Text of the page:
I find it funny how our paths often lead us back to places we visited in our childhood. For me Iona is that place, which every time I visit I get that feeling of freedom and careless happiness associated with childhood memories. But it always seems unreal or false in someway because it is in my past. This summer I visited Iona with my parents who met, married and lived on the island before I came along. It felt like such a special moment to be back on the island and yet when I think of all the people who visit for a few hours everyday, it reminds me that each of them probably have somewhere that is equally special. Somewhere that enchants, inspires and drives them to return. The rough and winding paths created in these images caught my eye whether made of stone, sand or water they represented a path forwards.
Four months on the beautiful Isle of Mull, working essentially on my own, has been an amazing experience. It tested how comfortable I was with myself and has been surprisingly relaxing. As an artist it gave me lots to think about and plenty to develop. Along with song writing, sculpting, carving, writing and sketching I also took a fair amount of photographs. Photography has become a tool for every type of artist, from fashion designers to painters and has been used in so many ways. For me it is both development and product of my work. Turning the camera on the artist, I have used it as a way of accepting the me I see in everyday. I have never really been one for taking selfies, maybe because I was never that comfortable with how I looked, but the less I have thought about looks the better I have felt and the healthier I’ve been. Too many young people are caught up with looks and don’t see the natural beauty of every body and every person including themselves. So, this is how I am on my own, this is me, just me.
With sustainability in mind, as that was the title, I revisited balance within nature. Working with recycled materials gathered from scrap bins in the university workshops I started this project recreating some of the shapes and ideas I created before. I explored different materials and shapes formed solely through balance. The final culmination of this was “Unnatural Growth” a balanced sculpture showing the progression or digression from plank of wood to natural tree.
Portraiture isn’t my specialty so this was a challenge. The initial idea I’d had was a full head with a ‘functioning’ mind. I wanted to show the process of thinking; the information going in, around and coming out. This piece reflects my dyslexia, showing my slower processing and how what I’m thinking often comes out differently. The ‘information’ or marbles in this case are dropped into the ‘mind’ (the dish), here they circle until they ‘form’ and drop out the mouth. At the point where they ‘form’ and drop, the ‘thought’ or marble changes. Inside the piece is a mechanism that stops one marble until another hits it, swapping positions. This means, if there is already a white marble in it and you put a blue marble in, the white one would come out.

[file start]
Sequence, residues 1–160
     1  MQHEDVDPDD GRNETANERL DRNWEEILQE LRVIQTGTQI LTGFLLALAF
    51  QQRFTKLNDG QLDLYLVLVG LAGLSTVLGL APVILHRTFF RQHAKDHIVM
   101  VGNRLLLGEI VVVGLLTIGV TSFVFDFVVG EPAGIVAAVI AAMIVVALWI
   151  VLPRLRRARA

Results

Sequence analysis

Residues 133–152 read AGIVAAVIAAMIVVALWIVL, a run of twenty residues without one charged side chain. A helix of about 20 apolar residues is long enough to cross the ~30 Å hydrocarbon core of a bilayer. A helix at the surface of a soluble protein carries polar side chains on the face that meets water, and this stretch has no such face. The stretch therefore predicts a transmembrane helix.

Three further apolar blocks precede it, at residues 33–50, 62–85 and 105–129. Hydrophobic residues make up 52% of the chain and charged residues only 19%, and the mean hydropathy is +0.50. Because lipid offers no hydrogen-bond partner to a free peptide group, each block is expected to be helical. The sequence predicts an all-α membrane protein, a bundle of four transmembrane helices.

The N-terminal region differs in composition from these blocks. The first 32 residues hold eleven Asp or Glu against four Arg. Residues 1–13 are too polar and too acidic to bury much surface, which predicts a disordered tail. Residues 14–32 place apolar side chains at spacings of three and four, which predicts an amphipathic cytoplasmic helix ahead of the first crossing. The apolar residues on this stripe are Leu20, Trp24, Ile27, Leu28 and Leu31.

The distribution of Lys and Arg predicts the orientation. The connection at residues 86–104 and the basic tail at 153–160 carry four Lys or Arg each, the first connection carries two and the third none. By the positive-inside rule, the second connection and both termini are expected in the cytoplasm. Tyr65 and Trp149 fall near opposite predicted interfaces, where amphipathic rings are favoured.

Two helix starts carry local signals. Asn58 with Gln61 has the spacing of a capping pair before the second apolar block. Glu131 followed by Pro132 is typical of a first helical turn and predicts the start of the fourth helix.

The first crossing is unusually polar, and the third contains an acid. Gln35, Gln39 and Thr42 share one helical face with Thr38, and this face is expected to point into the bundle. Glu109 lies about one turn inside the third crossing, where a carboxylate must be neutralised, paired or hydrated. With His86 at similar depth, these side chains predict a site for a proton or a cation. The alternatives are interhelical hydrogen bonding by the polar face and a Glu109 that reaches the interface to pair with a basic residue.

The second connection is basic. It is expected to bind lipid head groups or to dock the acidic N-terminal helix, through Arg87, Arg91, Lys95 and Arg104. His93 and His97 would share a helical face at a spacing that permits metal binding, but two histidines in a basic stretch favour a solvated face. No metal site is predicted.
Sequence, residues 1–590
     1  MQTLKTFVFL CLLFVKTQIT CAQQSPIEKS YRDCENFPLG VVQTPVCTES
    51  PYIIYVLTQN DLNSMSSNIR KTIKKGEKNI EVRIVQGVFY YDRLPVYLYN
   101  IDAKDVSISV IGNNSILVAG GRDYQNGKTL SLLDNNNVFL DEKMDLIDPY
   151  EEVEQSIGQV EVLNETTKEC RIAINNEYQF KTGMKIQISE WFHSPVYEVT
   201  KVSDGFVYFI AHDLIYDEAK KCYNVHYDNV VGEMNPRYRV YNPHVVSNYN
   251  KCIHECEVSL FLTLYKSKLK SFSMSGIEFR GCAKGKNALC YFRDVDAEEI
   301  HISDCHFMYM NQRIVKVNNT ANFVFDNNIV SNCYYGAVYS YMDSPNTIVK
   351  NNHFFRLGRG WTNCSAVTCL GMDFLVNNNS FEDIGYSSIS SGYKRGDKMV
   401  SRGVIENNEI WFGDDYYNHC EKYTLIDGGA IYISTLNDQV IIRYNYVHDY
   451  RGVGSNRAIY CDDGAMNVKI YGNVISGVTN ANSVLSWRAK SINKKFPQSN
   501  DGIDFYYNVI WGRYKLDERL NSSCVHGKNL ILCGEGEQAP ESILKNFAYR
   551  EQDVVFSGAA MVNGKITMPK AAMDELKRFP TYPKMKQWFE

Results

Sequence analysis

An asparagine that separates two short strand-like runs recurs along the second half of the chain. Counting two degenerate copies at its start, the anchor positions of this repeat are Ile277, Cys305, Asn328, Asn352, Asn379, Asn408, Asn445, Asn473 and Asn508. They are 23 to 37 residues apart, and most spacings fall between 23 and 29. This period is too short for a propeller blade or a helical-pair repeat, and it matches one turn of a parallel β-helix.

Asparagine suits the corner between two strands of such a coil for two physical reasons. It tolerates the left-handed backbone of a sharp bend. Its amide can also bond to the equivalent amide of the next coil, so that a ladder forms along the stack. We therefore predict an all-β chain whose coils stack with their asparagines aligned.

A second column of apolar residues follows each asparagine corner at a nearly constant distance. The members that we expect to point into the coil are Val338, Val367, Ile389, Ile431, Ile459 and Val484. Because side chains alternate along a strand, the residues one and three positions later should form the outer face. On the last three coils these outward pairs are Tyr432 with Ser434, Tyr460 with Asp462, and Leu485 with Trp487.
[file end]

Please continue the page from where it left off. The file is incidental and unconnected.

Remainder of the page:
As I researched the intriguing world of performance and live art I found it involves a lot of theory, psychology and philosophy. It gets pretty weird but that is the point a lot of the time. In this case I wanted to address what is socially acceptable to do in a gallery space by asking the audience to perform. The text I placed on the wall was as follows:
I know you’re probably wondering ‘Why am I reading this?’ but this is why… You’ve probably had a long day and are tired of walking around this gallery aimlessly looking at things. So why not lie down and relax. Take some deep breaths and just sink into the floor… If you’re still reading this then you probably don’t think the floor is very clean, because I’d already be on the floor if I were you. When are you going to have an excuse for lying on the floor? It’ll be good for you to stop, for a minute or two. I know you’re thinking about it… Come on, become the art and do it for me or at least do it for the sake of doing it. Just lie down. Don’t think about it and relax!
When presented to my peers they proceeded to all lie down. The result was slightly unexpected. In an exhibition I would leave pillows and not bother with the tape as this seems to be something that groups of people might be more like to do.
As one of my favourite pieces from my first semester, this has obvious meaning but is also great technically. The ‘cable’ is made from plasticine and the ties are made of paper and the whole thing is held on the wall by pins. The site for this piece was important and really adds to the fantasy and fairytale feeling of this unexpected living wire. It is a piece to be discovered in an out of the way spot.